Beekeepers unite to save Native Bees in Cornwall
Representatives of 4 bee groups came together at Godolphin House in Helston on 6th November 2017, to celebrate new signboards put up with the National Trust in the Medieval garden. The signs highlight the difficulties honey bees and other pollinators are encountering in the countryside and the importance of conserving and protecting our own Native Cornish Bees, representatives from Godolphin and The Bee Improvement group for Cornwall (BIPCo), The B4 group ( Bringing back Black Bees) , The Cornwall bee improvement and bee Breeders group ( CBIBBG) and Cornish Bees were on hand to put the new signs up at Godolphin house which has been a home for Cornish Bees since Bob Black introduced his colonies of native black bees there about 7 years ago.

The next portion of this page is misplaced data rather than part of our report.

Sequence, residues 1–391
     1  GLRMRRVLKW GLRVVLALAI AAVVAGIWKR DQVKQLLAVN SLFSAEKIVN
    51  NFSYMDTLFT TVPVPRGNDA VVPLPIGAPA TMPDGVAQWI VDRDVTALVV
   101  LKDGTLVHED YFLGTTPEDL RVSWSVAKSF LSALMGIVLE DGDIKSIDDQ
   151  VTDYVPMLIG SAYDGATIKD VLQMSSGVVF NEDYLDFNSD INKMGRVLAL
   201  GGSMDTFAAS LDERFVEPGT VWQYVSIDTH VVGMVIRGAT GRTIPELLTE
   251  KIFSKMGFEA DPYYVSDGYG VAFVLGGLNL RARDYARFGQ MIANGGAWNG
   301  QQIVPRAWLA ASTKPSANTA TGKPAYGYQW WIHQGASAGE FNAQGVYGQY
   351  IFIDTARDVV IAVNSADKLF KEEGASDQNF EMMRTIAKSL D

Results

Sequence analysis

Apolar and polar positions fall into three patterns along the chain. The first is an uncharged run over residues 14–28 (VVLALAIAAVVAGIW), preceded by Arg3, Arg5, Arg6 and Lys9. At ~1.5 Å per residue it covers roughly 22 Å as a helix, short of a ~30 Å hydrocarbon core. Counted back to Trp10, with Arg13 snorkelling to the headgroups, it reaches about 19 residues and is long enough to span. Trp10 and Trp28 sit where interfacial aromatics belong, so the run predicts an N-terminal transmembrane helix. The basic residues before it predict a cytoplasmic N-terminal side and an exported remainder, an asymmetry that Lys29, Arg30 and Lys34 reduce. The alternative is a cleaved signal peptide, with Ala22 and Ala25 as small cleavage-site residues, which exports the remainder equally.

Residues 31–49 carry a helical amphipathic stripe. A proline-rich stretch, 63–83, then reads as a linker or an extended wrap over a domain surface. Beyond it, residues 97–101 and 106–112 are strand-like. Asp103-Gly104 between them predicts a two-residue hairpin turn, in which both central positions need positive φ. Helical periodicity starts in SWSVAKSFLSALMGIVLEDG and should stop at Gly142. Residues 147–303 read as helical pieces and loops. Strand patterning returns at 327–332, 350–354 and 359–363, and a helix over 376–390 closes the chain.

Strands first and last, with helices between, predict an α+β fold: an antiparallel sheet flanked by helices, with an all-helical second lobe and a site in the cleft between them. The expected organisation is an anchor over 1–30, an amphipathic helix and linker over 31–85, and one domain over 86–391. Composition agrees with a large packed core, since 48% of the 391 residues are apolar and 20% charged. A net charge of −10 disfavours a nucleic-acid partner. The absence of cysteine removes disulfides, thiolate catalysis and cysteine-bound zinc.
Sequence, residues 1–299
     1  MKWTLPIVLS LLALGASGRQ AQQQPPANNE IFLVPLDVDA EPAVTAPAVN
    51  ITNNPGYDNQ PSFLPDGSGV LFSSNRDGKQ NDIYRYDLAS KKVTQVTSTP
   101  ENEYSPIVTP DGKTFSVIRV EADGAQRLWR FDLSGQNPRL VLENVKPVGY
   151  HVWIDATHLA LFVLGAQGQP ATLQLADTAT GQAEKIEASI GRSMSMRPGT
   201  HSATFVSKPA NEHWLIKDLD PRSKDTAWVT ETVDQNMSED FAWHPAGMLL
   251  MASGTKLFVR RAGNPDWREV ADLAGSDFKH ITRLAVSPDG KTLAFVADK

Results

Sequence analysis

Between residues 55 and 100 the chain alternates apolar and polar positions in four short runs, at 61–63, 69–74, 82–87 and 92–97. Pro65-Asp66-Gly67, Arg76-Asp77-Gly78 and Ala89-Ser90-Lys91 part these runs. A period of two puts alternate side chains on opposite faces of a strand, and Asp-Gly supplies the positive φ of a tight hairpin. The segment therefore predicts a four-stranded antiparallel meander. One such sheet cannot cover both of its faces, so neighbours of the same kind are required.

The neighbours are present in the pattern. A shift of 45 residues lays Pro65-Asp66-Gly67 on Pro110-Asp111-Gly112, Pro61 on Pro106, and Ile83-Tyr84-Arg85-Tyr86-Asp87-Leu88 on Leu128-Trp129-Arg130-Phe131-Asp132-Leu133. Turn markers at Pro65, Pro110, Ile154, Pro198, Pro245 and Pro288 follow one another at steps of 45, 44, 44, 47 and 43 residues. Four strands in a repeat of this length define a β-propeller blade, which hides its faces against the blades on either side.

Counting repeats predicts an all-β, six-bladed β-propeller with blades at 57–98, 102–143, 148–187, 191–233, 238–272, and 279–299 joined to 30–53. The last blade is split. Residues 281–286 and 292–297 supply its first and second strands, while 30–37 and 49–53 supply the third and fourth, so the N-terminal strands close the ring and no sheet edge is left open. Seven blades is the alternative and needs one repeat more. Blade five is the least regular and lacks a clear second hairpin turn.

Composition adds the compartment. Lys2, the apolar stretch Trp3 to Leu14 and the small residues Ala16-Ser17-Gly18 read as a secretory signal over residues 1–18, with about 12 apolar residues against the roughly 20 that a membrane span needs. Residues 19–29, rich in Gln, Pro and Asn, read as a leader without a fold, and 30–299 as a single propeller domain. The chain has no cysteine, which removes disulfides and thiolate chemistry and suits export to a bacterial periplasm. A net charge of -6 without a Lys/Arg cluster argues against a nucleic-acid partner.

The four groups have successfully introduced Native Cornish Bees onto sites at Eden, Heligan, Paignton Zoo, Paradise Park, Occombe Farm, Plymouth University, Mount Edgcumbe Country Park, Tregantle Fort, Cockington Manor House, The Duchy Nursery and Mount Edgcumbe Country Park Black Bee Reserve.
This latest venture with the team at Godolphin hopes to establish a Cornish Bee Haven on the Godolphin estate in the near future.
Gardner in Charge Juliet Turner said that you can’t underestimate the importance of Honey bees in maintaining the variety of plants and trees around the estate, and maintaining populations of well adapted native bees should be a priority in the county. Claire North, Visitor Services & Enterprises Manager at Godolphin, said they are pleased to part of such an upsurge in interest in our own Cornish Native Bees and visitors are very responsive and supportive of the project.